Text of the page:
Chapter 9: Group Tests of Mental Ability
Uses of Group-administered Mental Ability Tests
1. first major use is in elementary and secondary school settings
2. usually given in conjunction with a standardized achievement test
3. second major use is for predicting success in college, graduate school and/or professional school
4. two dominant tests used for college selection and placement: SAT and ACT
5. third major use is for job selection or placement in military and business settings
6. testing large numbers of military recruits stimulated the development of the first group-administered
mental ability test
7. fourth major use is that these tests are widely used for research in the social/behavioral sciences
8. some of this research relates directly to the nature of mental ability and its relationship to other
variables, such as age, income, educational outcomes, or personality variables.
Common Characteristics of Group Mental Ability Tests
10. (1) these tests can be administered to a large group
11. any test that can be administered to a large group can also be administered to an individual
12. (2) these tests are nearly always comprised of multiple-choice items and that way are amenable to
13. there are exceptions but the MC format is a significant feature that differentiates between these group
and ind. administered tests
14. (3) despite the difference in format the content of tests is very similar
15. however, there are two exceptions to this generalization (1) group tests usually do not include items
measuring short-term memory (2) usually do not include manipulative items involving blocks, puzzles
and so on
16. (4) there is a fixed time limit and fixed number of items for these tests
17. recall the start and stop rules of the ind. tests
18. Administration times for group tests have a bimodal distribution with many at 45-60 min and others at
19. (5) usually yield a total score plus several subscores, for example verbal and nonverbal
20. (6) the research base for norming, equating, determining reliability, and so on is very large, usually
much large than for ind. tests
21. the norm group for a grp test may involve more than 200,000 or even a million cases
22. (7) principal purpose: prediction
23. an ancillary purpose for many of these tests is to aid in placement within education or job settings in
order to maximize success, but prediction or selection remains the primary purpose.
Mental Ability Tests in School Testing Programs
24. three major entries in this category (1) Otis-Lennon School Ability Test (2) Test of Cognitive Skills
(3) Cognitive Abilities Test
25. one of the special features of all these tests is their multilevel structure
26. a multilevel test structure accommodates ind. differences by having different levels of the test for
different ages or grades. The various levels are then linked statistically to allow for continuous score
scales throughout the range covered by the test.
Otis - Lennon School Ability Test
27. was created as a group-administered form of the Binet- type test
28. OLS AT8 designed to measure those verbal, quantitative and figural reasoning skills that are most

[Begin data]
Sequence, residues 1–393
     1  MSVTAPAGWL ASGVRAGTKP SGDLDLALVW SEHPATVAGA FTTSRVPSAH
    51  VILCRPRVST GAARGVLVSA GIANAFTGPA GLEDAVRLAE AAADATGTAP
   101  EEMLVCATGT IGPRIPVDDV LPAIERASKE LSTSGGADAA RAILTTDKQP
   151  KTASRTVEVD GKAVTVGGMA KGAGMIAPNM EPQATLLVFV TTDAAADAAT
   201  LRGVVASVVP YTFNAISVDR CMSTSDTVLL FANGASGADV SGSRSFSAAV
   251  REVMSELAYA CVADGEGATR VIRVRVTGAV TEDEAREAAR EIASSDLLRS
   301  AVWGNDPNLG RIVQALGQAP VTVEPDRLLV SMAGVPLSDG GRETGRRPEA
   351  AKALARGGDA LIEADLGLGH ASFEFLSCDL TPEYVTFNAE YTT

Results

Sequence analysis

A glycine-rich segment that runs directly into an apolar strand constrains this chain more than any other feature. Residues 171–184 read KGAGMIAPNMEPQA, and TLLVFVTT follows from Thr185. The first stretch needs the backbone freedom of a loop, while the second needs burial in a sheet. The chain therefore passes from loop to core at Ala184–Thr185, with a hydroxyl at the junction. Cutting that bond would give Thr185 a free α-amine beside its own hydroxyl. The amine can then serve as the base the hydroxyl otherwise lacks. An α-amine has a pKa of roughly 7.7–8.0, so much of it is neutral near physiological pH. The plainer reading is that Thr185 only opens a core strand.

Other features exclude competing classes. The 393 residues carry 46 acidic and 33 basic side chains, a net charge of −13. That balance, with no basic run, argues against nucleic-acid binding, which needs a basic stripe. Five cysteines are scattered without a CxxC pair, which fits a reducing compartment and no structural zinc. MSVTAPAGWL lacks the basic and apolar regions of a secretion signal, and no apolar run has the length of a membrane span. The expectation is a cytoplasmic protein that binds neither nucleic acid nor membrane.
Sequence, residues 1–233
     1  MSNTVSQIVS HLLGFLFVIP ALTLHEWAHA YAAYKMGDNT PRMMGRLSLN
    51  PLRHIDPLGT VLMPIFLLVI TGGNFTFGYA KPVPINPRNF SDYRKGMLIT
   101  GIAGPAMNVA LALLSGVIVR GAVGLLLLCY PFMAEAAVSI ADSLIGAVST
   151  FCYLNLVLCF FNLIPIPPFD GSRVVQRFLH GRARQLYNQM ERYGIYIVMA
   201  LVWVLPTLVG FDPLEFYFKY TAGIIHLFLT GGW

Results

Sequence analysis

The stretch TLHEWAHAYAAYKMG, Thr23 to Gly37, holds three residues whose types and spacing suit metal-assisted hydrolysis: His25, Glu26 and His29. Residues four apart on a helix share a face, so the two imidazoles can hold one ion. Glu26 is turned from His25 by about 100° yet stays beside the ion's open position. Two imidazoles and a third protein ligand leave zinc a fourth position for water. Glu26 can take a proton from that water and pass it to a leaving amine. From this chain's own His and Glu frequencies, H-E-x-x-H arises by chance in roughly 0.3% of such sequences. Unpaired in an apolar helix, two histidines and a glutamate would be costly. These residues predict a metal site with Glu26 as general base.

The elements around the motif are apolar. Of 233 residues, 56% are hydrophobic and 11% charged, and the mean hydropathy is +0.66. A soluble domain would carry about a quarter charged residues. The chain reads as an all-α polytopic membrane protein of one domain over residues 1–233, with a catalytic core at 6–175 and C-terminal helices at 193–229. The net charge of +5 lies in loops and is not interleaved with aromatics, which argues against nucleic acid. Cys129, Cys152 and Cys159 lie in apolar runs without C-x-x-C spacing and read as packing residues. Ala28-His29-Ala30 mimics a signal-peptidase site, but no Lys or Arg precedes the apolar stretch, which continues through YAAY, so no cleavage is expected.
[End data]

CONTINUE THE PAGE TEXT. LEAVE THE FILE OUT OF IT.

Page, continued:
closely related to academic achievement.
29. OLS AT8 finds it primary use in school testing programs and is jointly normed with the Stanford
Achievement Test, 10th edition30. Structure is similar, though not identical, across the seven levels.
31. An examinee takes one of these levels and the level depends on grade, age and/or level of ability
32. The multilevel arrangement approximates the use of stop and start rules for individually administered
33. OLSAT8 yields a total score based on all the items at a given level (60-72 items); verbal and
nonverbal subscores, based on 30-36 items per area at each level; and cluster scores. The clusters include
verbal comprehension and verbal reasoning within the verbal area; pictorial reasoning, figural reasoning
and quantitative reasoning within the nonverbal area.
34. There is further subdivision of items within the clusters.
35. Provision of a number of different scores is a recent development as before there was only a single
36. The OLSAT8 adopts Vernons hierarchical model of intelligence as a framework for test development.
37. The manual notes that OLSAT8 attempts to measure only the v:ed portion of the model.
38. The test yields raw total, verbal and nonverbal scores which are then converted to scaled scores which
are then converted to the School Ability Index (SAI).
39. The SAI is a standard score with M=100 and SD=16.
40. SAIs are determined separately for age groups in three-month intervals from ages 15-19.
41. SAIs can convert to percentile ranks and stanines, either by age group or grade and NCEs can be
derived from the percentile ranks.
42. Cluster scores are converted to a simple three-category scale: below average, average, above average
corresponding to stanines 1-3, 4-6, 7-9.
43. OLSAT performance also enters the report in another way. The report incorporates Anticipated
Achievement Comparisons (AACs).
44. OLSAT8 is used to predict performance on the Stanford tests and then predicted performance is
compared with actual performance.
45. The column labeled AAC, t